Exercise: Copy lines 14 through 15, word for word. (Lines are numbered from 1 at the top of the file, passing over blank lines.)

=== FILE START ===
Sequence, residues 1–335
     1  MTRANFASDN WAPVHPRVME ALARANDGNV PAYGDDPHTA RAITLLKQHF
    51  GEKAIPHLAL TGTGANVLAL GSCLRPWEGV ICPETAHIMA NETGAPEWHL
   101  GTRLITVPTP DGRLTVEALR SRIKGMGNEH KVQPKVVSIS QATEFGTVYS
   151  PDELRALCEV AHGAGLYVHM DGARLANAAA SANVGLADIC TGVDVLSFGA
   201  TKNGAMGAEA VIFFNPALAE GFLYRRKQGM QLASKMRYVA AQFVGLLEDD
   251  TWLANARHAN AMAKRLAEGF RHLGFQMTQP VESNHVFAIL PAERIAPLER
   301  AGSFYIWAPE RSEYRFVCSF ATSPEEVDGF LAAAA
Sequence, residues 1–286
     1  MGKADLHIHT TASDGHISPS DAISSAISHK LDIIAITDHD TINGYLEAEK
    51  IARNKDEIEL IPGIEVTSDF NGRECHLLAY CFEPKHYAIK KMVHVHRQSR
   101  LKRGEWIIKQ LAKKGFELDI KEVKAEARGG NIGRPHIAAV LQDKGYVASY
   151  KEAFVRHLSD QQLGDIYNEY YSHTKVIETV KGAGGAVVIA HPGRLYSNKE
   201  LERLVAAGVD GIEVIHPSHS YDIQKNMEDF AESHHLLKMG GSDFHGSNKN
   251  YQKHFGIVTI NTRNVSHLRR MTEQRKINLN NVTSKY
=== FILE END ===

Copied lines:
   201  LERLVAAGVD GIEVIHPSHS YDIQKNMEDF AESHHLLKMG GSDFHGSNKN
   251  YQKHFGIVTI NTRNVSHLRR MTEQRKINLN NVTSKY